A convict sketchbook which inspired an award-winning Tasmanian novel has been recognised as a document of world significance.
Tasmanian convict William Buelow Gould created the Sketchbook of Fishes in 1832 while incarcerated at Macquarie harbour.
The ABC reports it is the first record of many species of fish, including the freshwater crayfish and the spotted hand fish.
The historic sketchbook has now been inscribed on the UNESCO Australian Memory of the World Register.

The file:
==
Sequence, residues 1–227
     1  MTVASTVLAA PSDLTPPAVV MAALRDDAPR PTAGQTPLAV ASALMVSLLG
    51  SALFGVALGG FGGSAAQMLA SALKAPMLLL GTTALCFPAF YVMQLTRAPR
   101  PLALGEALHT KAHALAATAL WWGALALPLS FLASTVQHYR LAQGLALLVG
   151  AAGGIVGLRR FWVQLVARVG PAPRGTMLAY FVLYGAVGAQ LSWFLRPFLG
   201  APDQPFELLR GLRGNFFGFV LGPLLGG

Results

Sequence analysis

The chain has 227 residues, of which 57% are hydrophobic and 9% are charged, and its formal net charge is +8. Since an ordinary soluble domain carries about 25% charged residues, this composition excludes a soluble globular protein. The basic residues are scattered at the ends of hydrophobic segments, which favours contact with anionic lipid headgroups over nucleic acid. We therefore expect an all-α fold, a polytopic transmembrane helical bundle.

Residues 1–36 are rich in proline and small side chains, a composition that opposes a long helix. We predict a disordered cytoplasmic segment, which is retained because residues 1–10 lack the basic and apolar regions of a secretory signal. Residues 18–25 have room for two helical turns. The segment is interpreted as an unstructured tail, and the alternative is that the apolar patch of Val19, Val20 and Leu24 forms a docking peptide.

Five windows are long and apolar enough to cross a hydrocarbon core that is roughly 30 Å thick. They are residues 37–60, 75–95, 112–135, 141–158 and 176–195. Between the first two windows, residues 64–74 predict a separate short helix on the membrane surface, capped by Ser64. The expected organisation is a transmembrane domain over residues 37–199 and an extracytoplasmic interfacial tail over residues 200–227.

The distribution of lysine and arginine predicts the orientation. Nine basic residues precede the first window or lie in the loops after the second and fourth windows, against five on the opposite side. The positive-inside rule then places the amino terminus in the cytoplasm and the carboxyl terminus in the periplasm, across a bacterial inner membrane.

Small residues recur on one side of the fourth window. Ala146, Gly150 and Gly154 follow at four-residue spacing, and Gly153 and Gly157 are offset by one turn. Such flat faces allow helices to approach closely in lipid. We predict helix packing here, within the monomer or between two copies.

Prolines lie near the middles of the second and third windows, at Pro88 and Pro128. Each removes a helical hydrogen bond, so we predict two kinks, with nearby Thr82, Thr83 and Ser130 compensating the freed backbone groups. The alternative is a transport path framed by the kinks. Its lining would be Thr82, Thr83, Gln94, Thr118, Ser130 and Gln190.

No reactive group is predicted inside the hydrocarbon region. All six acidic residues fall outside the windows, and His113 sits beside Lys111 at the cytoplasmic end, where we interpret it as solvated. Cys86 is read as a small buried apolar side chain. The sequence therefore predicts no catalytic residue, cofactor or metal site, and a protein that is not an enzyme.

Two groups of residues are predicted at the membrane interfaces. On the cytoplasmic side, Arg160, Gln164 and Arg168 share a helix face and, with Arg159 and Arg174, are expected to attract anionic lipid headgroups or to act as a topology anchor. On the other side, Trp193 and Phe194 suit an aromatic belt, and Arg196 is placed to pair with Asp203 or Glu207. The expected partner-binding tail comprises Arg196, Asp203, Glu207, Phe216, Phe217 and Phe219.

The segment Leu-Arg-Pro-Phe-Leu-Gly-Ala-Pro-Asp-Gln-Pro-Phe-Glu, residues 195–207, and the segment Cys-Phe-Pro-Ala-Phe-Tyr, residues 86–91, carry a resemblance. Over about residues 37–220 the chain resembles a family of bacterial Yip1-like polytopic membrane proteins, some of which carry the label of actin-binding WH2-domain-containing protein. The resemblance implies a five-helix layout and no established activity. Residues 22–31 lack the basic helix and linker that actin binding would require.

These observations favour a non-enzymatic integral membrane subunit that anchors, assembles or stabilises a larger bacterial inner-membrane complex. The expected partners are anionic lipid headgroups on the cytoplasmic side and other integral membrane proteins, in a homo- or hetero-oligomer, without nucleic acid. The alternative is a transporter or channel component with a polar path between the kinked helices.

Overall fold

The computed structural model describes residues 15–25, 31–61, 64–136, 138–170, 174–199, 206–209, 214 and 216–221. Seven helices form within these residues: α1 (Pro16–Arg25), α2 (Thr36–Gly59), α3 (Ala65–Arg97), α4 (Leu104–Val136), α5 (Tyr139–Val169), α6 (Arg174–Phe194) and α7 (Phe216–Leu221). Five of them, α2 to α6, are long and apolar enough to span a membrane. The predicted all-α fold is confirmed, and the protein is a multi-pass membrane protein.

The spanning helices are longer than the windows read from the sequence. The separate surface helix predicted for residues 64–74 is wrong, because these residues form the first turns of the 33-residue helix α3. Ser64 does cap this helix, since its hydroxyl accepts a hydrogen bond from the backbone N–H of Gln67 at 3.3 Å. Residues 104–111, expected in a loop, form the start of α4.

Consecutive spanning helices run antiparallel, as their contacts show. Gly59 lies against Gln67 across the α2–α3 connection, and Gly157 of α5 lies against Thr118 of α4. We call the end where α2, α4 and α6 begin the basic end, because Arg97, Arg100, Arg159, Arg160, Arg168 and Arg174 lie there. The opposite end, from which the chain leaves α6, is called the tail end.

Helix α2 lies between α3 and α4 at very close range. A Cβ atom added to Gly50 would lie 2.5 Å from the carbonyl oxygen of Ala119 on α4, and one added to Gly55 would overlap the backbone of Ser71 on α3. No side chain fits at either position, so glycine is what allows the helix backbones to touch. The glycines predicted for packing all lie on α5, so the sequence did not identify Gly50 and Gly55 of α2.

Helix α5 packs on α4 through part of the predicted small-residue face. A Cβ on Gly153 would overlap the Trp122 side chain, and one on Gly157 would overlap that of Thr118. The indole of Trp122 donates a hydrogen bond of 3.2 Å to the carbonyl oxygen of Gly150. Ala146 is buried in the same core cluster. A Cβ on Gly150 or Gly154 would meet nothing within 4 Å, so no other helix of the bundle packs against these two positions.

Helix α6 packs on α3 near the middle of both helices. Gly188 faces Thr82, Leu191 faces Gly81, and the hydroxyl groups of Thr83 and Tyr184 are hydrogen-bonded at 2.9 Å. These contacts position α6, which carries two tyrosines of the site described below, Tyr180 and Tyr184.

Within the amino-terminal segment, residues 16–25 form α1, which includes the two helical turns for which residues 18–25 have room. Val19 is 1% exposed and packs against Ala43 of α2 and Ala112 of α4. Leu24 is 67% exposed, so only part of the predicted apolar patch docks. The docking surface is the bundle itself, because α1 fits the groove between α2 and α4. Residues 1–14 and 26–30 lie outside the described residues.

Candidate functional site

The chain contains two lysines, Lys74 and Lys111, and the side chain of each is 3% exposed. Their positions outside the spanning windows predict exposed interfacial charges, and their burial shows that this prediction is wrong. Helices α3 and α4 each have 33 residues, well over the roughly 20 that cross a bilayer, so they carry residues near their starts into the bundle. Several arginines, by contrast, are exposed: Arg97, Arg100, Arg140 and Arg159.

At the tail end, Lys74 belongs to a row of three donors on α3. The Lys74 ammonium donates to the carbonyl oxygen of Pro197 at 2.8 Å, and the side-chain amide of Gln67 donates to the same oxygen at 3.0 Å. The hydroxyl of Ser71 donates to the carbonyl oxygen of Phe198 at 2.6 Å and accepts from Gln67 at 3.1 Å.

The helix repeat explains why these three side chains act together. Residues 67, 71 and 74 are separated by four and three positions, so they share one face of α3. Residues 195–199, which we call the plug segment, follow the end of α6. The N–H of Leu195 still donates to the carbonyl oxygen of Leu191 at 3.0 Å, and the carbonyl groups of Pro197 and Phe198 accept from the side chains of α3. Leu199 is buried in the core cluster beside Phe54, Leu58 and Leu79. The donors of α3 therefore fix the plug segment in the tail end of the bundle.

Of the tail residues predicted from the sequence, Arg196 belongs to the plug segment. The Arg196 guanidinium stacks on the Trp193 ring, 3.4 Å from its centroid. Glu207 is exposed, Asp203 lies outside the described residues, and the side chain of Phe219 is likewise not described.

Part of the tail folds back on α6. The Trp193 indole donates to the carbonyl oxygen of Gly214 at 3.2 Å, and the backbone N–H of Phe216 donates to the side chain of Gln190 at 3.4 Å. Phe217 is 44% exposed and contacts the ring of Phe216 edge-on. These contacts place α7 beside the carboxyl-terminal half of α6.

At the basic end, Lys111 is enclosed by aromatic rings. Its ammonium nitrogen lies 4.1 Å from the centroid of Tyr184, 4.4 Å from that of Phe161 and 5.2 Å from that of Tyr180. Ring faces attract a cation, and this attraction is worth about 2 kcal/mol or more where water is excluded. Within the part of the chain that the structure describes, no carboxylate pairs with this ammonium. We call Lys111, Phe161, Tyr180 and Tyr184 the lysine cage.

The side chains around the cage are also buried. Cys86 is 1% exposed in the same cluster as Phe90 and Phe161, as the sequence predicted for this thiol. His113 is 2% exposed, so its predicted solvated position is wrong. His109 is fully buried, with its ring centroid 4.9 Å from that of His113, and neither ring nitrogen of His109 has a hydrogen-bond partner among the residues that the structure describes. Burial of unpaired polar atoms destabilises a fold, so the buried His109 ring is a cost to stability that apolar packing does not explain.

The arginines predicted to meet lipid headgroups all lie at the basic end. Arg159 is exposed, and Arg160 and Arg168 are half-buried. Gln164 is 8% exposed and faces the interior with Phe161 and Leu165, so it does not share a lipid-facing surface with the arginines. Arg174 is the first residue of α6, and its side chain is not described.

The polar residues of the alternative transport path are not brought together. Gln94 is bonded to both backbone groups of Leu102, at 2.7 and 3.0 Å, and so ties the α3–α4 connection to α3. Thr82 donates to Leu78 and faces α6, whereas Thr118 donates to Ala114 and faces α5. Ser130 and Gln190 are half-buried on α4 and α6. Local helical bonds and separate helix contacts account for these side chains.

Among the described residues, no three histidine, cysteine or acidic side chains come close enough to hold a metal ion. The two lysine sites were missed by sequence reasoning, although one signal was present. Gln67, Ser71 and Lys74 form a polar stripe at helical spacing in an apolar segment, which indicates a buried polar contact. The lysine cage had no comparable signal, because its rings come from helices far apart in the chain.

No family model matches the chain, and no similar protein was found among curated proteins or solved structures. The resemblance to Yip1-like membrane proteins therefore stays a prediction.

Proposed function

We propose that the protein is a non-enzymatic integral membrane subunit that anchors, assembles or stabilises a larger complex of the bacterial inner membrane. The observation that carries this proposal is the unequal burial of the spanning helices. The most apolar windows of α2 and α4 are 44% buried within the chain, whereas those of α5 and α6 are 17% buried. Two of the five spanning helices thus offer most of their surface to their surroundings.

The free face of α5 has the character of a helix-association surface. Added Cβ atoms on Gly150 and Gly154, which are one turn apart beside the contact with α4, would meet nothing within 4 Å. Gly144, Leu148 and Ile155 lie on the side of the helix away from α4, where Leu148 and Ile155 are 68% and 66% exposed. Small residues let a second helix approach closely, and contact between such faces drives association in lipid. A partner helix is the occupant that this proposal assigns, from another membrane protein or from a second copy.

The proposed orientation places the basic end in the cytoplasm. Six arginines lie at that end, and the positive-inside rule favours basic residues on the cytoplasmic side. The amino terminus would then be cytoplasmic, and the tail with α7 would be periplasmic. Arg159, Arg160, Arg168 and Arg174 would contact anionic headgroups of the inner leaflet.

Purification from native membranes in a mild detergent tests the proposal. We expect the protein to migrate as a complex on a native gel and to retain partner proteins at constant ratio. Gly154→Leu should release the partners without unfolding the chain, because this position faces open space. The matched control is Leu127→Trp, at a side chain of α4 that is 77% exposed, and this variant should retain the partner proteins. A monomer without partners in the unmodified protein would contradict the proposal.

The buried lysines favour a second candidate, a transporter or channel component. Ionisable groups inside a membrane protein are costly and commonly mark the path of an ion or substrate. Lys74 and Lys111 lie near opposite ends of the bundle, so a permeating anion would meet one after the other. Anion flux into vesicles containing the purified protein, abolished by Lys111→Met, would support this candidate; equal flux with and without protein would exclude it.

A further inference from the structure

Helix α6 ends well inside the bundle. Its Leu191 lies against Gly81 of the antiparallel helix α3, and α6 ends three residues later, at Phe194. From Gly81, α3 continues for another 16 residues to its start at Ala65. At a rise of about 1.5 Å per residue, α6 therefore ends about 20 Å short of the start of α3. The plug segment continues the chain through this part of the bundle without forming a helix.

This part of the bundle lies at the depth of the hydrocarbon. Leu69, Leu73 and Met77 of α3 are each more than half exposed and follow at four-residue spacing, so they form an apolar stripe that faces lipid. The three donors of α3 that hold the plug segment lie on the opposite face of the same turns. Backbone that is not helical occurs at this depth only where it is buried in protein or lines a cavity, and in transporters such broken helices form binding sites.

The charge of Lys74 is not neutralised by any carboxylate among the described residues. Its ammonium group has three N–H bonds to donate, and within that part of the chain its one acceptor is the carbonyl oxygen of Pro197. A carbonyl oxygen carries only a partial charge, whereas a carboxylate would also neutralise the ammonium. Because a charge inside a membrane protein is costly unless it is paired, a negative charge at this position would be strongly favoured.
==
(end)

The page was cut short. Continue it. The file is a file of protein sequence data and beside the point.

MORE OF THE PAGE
Tasmanian state archivist Ross Latham says it is the equivalent of a world heritage listing.
The sketchbook and its creator were the subject of the novel Gould's Book of Fish, by Richard Flanagan.
The CSIRO says some of the information is still used by scientists today.
The sketchbook is now on display at a library in Hobart.